Starting with “Wilco (The Song),” which sounds like an upbeat inverse of the Velvet Underground’s “I’m Waiting for the Man,” Wilco announce their intentions quickly on Wilco (The Album). “Do you dabble in depression?” Jeff Tweedy asks, and it’s not the question itself that’s new for Wilco–far from it–but the fact that there’s an answer that comes with it. “Wilco will love you, baby,” he sings before hand bells ring over Nels Cline’s moaning guitars. Put simply and quickly and reductively, Wilco (The Album) is one of the greatest breakup albums of all time, in no small part because it’s the sound of Jeff Tweedy forever divorcing himself from the darkness, paranoia, and cynicism to which he’s subjected himself since at least Summerteeth. Ain’t no wallowing around here.
The early A.M. aside, Wilco have never been a predictable band. While some (i.e., many) would have preferred Tweedy and his group to continue to stare into the smoke of 2001’s quietly epic Yankee Hotel Foxtrot, the Chicago sextet has instead moved into a new Americana, an Americana drenched in the feedback loops of the times but increasingly optimistic that there is a light somewhere, at some point, in some sort of eventual time. YHF is, of course, considered the group’s masterpiece and, once the decade is said and done, will assume a place very near the top of the Best Of The 00’s. But as the group has matured and evolved, Tweedy has grown more comfortable in his faded jeans, dialing down the migraine duplicates in favor of more traditional song structures, melodies, and themes. Wilco (The Album) continues in this trend, almost to the point of making the infamously morose singer unrecognizable. As such, there are words all over Wilco (The Album) that seem almost out of place–words like “blessing,” “Jesus” (as in the name, not the swear word), “love,” “Dear,” and, most tellingly, “you.” All of these are sung with varying degrees of conviction, sure, but it’s hard not to believe the bullet-taker rock of “I’ll Fight” or the fuzzy solos of the aptly-named “Sunny Feeling.”
Which isn’t to say that Wilco have gone all soft rock. Those who lobbed the idiotic and immature “Dad Rock” label at Sky Blue Sky will be appeased by the nervy teenage guitar dreams of “Bull Black Nova,” which builds something between “Impossible Germany” and Television’s “Venus.” “You Never Know” is simple and perfect pop rock that pokes at the aforementioned cultural catfighting. Tweedy prods at his listeners, telling them that they’re acting like children and adding later, “act your age, go back to black metal and perms.” It’s grinny advice to not take oneself too seriously, to make room in one’s life for play. Have some fun.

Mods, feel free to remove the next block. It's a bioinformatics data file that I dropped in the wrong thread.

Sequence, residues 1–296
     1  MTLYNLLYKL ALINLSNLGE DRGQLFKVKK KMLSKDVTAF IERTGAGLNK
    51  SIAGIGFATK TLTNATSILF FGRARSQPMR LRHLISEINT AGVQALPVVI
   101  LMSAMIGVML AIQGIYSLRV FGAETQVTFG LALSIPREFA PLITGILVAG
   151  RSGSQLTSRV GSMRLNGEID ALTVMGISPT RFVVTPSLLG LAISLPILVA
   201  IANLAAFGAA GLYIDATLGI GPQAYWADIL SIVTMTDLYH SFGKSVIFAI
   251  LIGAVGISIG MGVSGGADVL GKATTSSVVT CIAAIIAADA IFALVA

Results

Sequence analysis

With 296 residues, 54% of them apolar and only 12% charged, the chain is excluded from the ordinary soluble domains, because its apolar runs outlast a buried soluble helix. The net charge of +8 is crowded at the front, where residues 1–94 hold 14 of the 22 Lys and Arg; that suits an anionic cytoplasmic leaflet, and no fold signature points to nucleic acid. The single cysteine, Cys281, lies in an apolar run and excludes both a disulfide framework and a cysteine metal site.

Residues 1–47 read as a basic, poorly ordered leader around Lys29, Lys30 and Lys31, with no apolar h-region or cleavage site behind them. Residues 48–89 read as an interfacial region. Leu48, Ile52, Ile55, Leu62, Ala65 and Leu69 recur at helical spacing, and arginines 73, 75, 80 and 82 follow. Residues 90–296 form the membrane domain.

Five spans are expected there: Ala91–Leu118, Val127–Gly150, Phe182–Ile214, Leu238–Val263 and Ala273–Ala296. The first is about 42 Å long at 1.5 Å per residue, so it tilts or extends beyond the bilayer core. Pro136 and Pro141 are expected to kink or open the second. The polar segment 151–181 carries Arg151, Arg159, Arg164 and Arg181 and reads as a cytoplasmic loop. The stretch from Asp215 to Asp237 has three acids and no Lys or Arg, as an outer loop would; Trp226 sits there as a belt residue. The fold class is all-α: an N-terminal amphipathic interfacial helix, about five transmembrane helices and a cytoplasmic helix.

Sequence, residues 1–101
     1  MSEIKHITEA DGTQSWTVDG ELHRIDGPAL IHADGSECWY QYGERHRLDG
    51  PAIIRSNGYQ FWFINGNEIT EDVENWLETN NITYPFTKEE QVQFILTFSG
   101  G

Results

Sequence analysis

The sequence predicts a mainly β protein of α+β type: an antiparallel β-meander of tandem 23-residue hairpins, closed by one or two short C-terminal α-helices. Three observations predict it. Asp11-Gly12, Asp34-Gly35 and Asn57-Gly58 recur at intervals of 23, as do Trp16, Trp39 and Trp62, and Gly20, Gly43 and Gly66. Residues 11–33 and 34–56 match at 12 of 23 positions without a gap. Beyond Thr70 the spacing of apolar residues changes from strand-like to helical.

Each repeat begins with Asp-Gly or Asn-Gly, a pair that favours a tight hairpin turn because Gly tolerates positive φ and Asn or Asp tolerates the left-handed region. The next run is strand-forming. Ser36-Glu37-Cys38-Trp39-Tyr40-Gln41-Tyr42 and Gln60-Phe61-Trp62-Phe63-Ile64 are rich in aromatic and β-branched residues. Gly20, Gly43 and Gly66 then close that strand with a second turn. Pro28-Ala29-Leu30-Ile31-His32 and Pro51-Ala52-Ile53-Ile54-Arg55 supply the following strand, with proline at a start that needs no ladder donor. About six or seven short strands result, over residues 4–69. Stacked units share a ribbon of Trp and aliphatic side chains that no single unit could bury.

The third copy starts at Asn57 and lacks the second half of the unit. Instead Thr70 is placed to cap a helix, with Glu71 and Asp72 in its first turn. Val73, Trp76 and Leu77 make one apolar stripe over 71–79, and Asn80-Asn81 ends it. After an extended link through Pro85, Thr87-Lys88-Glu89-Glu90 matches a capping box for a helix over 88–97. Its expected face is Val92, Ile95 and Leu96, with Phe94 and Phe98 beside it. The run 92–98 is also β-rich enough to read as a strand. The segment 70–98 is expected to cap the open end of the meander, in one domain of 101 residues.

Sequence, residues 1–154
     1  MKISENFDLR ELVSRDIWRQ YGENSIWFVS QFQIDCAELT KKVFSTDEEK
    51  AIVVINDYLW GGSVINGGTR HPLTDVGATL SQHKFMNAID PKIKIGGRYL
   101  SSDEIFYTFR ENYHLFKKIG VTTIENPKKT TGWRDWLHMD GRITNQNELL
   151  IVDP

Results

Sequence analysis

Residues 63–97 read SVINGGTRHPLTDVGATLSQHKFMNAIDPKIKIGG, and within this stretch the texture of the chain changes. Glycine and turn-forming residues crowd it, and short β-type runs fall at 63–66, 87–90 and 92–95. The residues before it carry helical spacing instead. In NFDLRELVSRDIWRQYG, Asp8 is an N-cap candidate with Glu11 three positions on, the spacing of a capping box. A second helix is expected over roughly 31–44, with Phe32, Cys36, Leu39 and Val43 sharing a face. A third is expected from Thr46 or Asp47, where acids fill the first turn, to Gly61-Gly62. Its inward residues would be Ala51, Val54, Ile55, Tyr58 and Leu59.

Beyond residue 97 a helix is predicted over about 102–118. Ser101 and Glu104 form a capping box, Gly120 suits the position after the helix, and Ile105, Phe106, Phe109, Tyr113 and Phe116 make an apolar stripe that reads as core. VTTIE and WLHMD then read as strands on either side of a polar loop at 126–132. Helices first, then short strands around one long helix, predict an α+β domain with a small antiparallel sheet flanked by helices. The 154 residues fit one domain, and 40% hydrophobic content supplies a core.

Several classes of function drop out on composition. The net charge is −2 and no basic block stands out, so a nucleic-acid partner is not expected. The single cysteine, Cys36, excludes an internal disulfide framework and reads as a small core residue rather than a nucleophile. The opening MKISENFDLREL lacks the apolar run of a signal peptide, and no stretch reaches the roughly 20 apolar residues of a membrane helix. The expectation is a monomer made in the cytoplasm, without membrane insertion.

Because, really, that’s the reason that all of your favorite bands started making music, at least in the very very beginning. Wilco (The Album) not only succeeds but stands near the top of Wilco’s extremely distinguished catalogue not because it Has Something To Say but because it’s not afraid of its own shadow. It’s just six dudes making cool music, allowing themselves to smile and relax a bit, realizing that the obsession with the darkness isn’t some sort of special burden affixed by God to The Artist, but rather the consequence of The Artist’s obsession with himself. “Once I thought the world was crazy / Everyone was sad and chasing / happiness and love and I was / the only one above it,” Tweedy sings in “Solitaire,” sounding something like Elliot Smith fronting The Band. “I was cool as gasoline…It took too long to see / I was wrong to believe / In me only.” This same theme is picked up in “You and I,” in which Tweedy duets with Feist, whose smoky vocals highlight just how lonely Jeff Tweedy–and, by extension, most contemporary indie rockers–typically sound. Rather than wallow in the obscure anti-passions of past records, Tweedy is moving towards and becoming comfortable with the classical emotions of love, happiness, and comedy. And here’s the truly weird part: he seems to have found something in them.
Wilco (The Album) will not win the accolades of Yankee Hotel Foxtrot, because it does not speak the same language. YHF, brilliant though it is, offers its listeners little in the way of challenges, allowing the paranoid yuppies to keep staring, keep staring, keep staring, into the mirrored windows of their tall buildings. Wilco (The Album) refuses to settle for such mediocrities–both from itself and its audience–and is the more courageous album for it. And if the sound of six of the world’s best musicians banging out spangled and bejeweled pop-rock doesn’t get you off, then you may want to reconsider your record collection. words/ m. garner